30 April 2013

Game theory and the successful settlement of civil wars

We're headed into the final stretch of our Peace and Conflict unit in IB Global Politics. Students are wrapping up presentations on selected book chapters (their choice amongst the list below) on intrastate conflict in advance of a case study and day-long simulation on peace negotiations in the Democratic Republic of Congo.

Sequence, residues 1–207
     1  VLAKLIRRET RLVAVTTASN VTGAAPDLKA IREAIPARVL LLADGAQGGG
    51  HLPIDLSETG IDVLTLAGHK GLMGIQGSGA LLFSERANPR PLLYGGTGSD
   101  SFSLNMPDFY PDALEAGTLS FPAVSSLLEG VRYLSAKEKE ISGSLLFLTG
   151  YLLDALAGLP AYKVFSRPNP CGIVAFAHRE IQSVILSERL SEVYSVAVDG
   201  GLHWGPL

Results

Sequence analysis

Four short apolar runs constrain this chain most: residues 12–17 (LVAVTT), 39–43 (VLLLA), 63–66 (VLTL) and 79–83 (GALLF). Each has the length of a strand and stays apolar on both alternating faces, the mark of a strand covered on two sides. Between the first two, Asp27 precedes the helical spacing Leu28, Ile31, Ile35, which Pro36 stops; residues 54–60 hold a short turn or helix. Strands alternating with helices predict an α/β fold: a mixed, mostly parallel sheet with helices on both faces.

The game theory aspect of these presentations popped up today in class-I had no advanced notice that they were presenting this way. Two students used Rousseau's Stag Hunt to demonstrate how actors perceive relative gains of adversaries and the challenges of cooperation in peace negotiation. The student facilitators asked for volunteers from the class to play Stag Hunt, each volunteer making their choices in isolation from one another. The student facilitators then explained the outcome and why it mattered with respect to world politics, before launching into a detailed summary and analysis of a few chapters from Walter (2002). As we've already conducted an initial case study on the Rwandan Genocide, it was interesting and inspiring to see how the students processed Walter's "ripe for resolution" theory towards the peaceful settlement of intrastate conflicts as well as to process their enhanced understanding of the Rwandan Genocide in light of new information.